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Virtual Exhibit Hall

Typologies and process tracing are two pillars of qualitative methodology used to answer big questions in interesting ways. Both are sometimes challenged by non-practioners as nothing more than intuition and conjecture wrapped up in seductive yet ill-defined terms. While the tone of these challenges may be based in methodological rivalry, the underlying critique highlights that the process and results of process tracing and typology generation can be opaque to non-practioners. In response to these challenges, rigorous process tracers have proposed three formalizations of process tracing based on set theory, directed acyclic graphs (DAGs), and logical Bayesianism while rigorous typological theorists have formally specified inductive and deductive methods to generate typologies. As with all formalizations, both the strengths and limitations of these methods were brought to light through the formalization.

The elementary method of process tracing is taught using the metaphor of Sherlock Holmes and uses colloquial names for four process tracing tests (straw in the wind, hoop, smoking gun, and doubly decisive). The set theoretic and DAG approaches both formalize this vivid imagery into graphical representations while the logical Bayesian approach formalizes the informativeness of the evidence into numerical representations of human sensory perception. Bayesian process tracing best disciplines the analytic process and provides clarity to the intermediate and final results in terms consistent with human perception and the real number mathematics which are a part of general rather than specialist education.

One of the key requirements of the Bayesian approach is that it requires a mutually exclusive and exhaustive (MEE) specification of the rival hypotheses in order to properly adjudicate between rival hypotheses because it places odds ratios only on pairs of hypotheses. While MEE hypotheses are universally good research practice, most methods and the other process tracing formalization do not require MEE hypotheses. While leading BayesPT scholars have pointed out that it is always possible to rephrase a given set of hypotheses into an MEE specification, most hypoteses are not initially specified as MEE. Although the respecification is logically straightforward, the extra work and complexity of the final set of hypotheses has led some critics to question the value MEE and BayesPT more broadly due to the "cost of entry." Thus, while not MEE is not a logical limitation of BayesPT, it can be a practical one which we can alleviate with deductive typological theory.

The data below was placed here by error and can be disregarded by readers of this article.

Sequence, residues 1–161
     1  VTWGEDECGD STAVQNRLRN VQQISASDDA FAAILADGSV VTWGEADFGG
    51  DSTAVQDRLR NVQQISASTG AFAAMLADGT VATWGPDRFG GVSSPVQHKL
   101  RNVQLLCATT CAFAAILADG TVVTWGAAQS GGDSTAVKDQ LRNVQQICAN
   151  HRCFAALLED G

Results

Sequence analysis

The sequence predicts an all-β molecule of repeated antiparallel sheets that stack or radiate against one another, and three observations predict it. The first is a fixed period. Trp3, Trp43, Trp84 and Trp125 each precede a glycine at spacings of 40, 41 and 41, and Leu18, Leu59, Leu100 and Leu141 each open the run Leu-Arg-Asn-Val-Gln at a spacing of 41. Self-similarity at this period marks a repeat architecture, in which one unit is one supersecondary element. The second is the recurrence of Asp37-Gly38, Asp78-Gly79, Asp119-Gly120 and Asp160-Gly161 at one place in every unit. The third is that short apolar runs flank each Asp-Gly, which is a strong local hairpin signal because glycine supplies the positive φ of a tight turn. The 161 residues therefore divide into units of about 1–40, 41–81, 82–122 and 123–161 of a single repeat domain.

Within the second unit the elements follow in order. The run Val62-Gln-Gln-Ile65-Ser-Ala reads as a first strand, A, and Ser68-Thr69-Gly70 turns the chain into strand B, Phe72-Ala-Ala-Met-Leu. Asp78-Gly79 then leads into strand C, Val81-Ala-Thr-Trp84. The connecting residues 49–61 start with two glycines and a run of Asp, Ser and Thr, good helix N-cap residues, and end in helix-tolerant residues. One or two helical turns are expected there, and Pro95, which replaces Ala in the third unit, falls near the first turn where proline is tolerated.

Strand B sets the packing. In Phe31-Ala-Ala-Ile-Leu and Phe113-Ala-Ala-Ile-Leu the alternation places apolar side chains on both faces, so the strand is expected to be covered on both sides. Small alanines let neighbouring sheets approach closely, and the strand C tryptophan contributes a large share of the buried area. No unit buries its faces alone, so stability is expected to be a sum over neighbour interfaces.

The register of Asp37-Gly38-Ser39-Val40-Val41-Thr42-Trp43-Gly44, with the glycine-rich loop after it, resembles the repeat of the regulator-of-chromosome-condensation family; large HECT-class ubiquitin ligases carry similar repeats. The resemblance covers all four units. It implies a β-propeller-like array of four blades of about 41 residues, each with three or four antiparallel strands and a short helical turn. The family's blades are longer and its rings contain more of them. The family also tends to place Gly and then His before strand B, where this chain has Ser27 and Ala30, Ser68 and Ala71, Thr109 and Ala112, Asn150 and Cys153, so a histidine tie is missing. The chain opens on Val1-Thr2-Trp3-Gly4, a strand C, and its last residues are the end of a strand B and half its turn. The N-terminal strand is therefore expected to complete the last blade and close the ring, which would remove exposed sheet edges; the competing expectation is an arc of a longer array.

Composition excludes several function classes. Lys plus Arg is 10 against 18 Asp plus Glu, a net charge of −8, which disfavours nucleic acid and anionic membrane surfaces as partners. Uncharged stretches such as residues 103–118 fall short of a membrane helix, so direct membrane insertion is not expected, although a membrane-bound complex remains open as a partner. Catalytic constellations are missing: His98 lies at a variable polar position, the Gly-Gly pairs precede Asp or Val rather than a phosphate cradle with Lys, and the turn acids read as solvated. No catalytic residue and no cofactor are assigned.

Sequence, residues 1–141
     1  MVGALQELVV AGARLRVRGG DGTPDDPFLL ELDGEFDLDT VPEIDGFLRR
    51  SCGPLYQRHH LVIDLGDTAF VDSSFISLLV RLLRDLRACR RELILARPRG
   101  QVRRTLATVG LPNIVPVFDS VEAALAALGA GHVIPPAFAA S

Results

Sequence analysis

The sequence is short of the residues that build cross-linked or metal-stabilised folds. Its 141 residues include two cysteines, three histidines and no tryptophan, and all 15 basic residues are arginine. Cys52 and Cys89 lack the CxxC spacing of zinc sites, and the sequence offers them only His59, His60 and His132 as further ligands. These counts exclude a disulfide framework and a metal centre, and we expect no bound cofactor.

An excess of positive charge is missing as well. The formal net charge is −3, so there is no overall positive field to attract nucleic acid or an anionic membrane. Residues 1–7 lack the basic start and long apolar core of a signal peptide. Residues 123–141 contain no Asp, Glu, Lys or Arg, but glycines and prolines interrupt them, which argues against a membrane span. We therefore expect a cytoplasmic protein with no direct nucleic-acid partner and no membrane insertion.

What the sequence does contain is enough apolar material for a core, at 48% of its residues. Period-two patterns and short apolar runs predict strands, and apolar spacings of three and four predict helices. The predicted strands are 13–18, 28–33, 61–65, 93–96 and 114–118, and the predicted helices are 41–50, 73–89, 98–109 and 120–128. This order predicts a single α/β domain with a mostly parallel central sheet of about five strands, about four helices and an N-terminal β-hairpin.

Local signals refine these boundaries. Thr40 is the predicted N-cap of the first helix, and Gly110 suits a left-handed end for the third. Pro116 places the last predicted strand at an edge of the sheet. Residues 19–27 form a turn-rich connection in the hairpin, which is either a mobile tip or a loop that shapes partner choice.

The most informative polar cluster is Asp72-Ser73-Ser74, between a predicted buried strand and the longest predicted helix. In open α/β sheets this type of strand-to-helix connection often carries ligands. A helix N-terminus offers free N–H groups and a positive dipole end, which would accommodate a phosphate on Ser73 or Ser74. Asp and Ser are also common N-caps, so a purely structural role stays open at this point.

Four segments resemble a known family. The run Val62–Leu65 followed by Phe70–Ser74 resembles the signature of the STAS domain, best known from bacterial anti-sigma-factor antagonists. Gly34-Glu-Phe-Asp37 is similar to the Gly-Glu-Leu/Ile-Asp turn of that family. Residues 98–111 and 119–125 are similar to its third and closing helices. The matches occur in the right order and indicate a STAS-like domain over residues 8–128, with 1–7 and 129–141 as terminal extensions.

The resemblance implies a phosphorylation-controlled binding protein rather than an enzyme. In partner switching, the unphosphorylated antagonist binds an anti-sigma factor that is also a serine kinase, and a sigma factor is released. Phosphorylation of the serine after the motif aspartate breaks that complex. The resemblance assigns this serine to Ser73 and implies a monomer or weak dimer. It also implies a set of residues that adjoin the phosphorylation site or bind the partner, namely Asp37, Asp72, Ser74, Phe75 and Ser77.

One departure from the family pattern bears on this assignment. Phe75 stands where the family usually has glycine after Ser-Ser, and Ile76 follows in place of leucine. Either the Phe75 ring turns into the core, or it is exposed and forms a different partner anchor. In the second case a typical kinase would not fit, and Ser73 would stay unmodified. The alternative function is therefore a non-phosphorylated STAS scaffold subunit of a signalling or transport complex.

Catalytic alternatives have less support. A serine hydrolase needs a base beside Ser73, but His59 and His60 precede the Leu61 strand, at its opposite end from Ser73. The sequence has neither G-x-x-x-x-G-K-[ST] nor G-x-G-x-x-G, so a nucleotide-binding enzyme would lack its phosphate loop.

When generating typological theories, scholars can either inductively generalize from empirical specifics or deductively combine the scores of generalized concepts to generate a set of types. Inductive typological theory runs the risk of missing logically possible combinations which have not (yet) empirically occurred. Deductive typological theory runs the risk of over specifying possible combinations which are empirically uninteresting or irrelevant. While the final typologies which are published generally involve both of these fundamental theory generating processes to some degree, the way in which they are used is often vague in final research reports.

In this paper, I demonstrate how the strengths of deductive typological theory can alleviate the limitations of logical Bayesian process tracing and vice versa. By definition, deductive typological theory completely maps a typological property space by constructing a mutually exclusive and exhaustive list of types based on combinations of constitutive variables. While Bayesian process tracing generally solves the requirement for exhaustive hypotheses by reasoned assumption, the process of deductive typological theory allows us to meet the requirement by design. Because Bayesian process tracing disciplines and clarifies how we are using case-specific knowledge and expert analysis, it allows us to transparently verify deductive typologies with inductive empirical knowledge. Together, deductive typological theorizing generates a set of mutually exclusive and exhaustive types which are then tested against empirical cases using logical Bayesianism to say how confident we can be that a particular case fits a given type. The results of this process can then be used inductively to refine the typology and applied iteratively to generate a final typology which balances analytic usefulness against empirical correspondence. Because the types developed by deductive typological theory need not be causal, I call this method Bayesian Type Verification (BayesTV) to distinguish it from the causal claims of Bayesian process tracing (BayesPT).